*Header art by Iocopo Bruno*.Continue reading “‘The School for Good and Evil’ Book Tag”
It’s Monday! Borrowed this meme from Ali @ Our Book Boyfriends , who borrowed it from a long list of other bloggers. This meme is an opportunity to update everyone on what I read last week, what I’m reading now and what’s on the old TBR pile. And also, to connect with others in the book community.Continue reading “It's Monday, What are you reading? #IMWAYR”
These are strange times and they’re only getting stranger. Luckily, I’ve read enough YA Dystopian novels over the years to be prepared. Here’s your comprehensive survival guide to getting through these tough times.Continue reading “Girl's Guide to Surviving in a YA Dystopia”
Here are some of my most anticipated reads of the year to come!Continue reading “2019 Most Anticipated YA Book Releases”
One of the best things about writing in the fantasy fiction genre is that anything goes. I’m not saying there aren’t rules – there are – Harry Potter wasn’t able to bring his parents back from the dead, the One Ring gave Frodo powers, but not without consequence. If done correctly, magic or superpowers shouldn’t be a panacea to all life’s problems or there would be nothing at stake, nothing for our hero to overcome or run up against. There are limits to magic and rules that govern fantasy worlds. But – the good news is, as a writer – you make the rules! You can create a fictional world of fish people, so long as you can convincingly explain to the reader how they’re able to breath under water, what kind of teeth they have for eating prey and how they’re able to navigate the darkest depths of the ocean. Fantasy – no matter how far-fetched – must have a basis in reality or you risk the reader suspending their disbelief.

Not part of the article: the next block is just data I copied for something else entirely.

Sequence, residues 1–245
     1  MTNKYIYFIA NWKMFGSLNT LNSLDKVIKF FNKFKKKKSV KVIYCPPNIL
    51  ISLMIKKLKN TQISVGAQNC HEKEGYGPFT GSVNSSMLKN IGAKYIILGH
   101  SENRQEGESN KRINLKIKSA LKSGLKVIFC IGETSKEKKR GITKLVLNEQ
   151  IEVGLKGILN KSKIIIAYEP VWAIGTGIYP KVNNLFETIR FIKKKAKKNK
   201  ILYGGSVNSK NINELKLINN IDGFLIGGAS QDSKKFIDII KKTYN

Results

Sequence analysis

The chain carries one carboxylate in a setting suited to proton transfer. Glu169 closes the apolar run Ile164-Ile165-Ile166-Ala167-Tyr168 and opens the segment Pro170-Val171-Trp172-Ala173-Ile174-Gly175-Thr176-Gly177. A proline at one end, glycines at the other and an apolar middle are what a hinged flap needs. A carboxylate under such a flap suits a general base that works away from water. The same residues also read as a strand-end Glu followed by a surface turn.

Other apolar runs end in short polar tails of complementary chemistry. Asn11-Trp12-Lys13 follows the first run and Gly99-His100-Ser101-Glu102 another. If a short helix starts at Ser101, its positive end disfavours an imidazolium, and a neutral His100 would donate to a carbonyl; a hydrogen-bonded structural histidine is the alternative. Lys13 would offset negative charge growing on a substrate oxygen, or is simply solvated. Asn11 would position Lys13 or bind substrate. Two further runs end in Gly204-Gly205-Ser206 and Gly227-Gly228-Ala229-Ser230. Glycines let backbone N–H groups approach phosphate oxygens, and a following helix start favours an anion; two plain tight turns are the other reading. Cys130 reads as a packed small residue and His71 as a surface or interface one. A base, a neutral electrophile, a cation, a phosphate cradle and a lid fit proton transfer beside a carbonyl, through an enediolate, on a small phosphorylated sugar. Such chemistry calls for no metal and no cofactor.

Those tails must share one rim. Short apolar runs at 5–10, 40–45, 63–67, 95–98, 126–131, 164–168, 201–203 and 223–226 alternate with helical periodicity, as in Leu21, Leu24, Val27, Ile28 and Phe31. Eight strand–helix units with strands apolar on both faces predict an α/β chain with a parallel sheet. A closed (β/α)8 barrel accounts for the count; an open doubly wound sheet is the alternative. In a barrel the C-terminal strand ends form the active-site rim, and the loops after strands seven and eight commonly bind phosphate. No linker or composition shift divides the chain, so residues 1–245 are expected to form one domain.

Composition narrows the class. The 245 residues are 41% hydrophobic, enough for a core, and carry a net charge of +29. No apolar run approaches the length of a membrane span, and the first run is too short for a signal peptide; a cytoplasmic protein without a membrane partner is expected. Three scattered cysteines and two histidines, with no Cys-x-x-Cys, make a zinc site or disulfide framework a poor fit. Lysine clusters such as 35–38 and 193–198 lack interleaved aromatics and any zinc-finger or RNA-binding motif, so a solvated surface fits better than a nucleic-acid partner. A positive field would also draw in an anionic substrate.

Which is why a lot of fantasy worlds draw from science, historical events, real people or historical periods. Doing this provides the reader with a recognizable framework through which to view the world. Going forward, let’s call that framework belief glasses. As long as the writer provides the reader with a pair of belief glasses, the reader should be able to comfortably navigate the writer’s world and not get taken out of it. So when you’re creating those glasses, why create ones that only see white people? Why create glasses that can see dragons but not women in positions of power? Why not make full-spectrum glasses?Continue reading “Diversity in Fantasy: We Can Do Better.”